The editing process can involve correction, condensation, organization, and many other modifications performed with an intention of producing a correct, consistent, accurate and complete work.
Proofreading of source text (Original)
Proofreading of target text (Translation)
The translator has read the source text, but the reader only sees the translation. Like the writer, the translator undergoes a creative process when transforming the source text into another language.
In the beginning of the process, the translator tend to concentrate on how to pass the message of the source text into the target text. During the next step of the translation process, the translator makes sure that the target text is fluent and does not appear to be a translation.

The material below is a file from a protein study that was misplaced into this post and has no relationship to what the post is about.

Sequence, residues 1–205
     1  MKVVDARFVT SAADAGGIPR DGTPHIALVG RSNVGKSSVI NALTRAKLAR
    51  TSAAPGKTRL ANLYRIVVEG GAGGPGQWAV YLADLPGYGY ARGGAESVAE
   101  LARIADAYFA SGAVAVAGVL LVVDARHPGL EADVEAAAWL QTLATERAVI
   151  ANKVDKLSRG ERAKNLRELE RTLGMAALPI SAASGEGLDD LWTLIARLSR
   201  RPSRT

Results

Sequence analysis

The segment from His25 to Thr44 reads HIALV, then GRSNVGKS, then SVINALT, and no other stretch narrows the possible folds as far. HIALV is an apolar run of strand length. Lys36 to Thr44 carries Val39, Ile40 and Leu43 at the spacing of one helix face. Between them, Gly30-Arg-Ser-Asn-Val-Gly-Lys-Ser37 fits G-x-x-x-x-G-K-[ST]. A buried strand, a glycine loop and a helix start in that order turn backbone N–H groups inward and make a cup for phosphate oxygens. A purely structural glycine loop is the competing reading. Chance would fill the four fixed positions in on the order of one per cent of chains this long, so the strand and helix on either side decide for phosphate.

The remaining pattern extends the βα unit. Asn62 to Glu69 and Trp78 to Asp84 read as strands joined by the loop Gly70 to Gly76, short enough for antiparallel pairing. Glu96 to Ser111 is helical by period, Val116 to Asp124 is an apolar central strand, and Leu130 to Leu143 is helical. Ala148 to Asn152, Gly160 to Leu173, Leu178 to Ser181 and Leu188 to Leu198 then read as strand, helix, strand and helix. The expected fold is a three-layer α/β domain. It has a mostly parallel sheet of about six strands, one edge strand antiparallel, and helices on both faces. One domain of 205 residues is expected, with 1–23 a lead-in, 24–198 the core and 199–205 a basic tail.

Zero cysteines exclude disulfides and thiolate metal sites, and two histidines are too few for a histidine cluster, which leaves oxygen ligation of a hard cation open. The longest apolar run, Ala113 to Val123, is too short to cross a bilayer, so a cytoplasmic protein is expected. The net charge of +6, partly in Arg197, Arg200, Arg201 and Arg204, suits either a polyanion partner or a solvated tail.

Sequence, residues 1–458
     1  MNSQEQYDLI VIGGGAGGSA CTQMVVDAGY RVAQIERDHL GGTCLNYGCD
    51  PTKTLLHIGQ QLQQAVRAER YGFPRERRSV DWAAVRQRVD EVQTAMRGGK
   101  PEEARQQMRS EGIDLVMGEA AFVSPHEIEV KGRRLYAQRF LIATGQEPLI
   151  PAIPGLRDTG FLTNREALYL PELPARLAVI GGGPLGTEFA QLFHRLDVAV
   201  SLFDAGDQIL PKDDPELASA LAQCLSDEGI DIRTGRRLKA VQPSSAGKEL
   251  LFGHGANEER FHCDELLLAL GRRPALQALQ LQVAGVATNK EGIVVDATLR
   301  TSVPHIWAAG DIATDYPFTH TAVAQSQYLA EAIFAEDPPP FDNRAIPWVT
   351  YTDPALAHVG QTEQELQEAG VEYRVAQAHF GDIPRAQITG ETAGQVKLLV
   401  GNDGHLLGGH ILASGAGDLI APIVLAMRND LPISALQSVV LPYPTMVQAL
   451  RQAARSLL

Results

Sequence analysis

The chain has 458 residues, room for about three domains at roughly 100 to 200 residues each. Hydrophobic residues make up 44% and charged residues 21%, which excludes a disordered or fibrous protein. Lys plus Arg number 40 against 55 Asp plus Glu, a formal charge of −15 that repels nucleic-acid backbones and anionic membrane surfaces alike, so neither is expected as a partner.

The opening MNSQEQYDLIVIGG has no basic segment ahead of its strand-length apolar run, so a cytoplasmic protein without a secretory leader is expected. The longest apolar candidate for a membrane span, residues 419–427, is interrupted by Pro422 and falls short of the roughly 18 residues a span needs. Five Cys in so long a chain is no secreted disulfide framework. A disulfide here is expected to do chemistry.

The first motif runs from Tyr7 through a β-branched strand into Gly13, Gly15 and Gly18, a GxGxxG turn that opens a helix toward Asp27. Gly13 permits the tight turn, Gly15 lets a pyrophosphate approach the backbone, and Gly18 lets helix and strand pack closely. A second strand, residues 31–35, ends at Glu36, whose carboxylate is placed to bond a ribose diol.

Throughout these steps, the translator is influenced by the target text. In order for the translator to proofread her own translation, she needs to take a break in the process and step away from the text. After a break, the translator, now being the proofreader, looks at the target text as if it was the original, and is now able to find the blank spots, typos, grammatical errors and inconsistencies. However, as for the writer, the translator might be blind to her own mistakes. Therefore, it is always a good idea to have another person than the translator to make a second review or proofread the translated text. The proofreader will concentrate on the target text, but still has access to the source text. However, as the second proofreader has not been part of the creative process it will be somewhat easier for the proofreader to capture the translator’s typos etc.
We proofread both source texts and target texts. It can be all kind of text types like manuals, websites, marketing material, packaging, labels, subtitles etc. – you name it.
Let us know exactly what your needs are.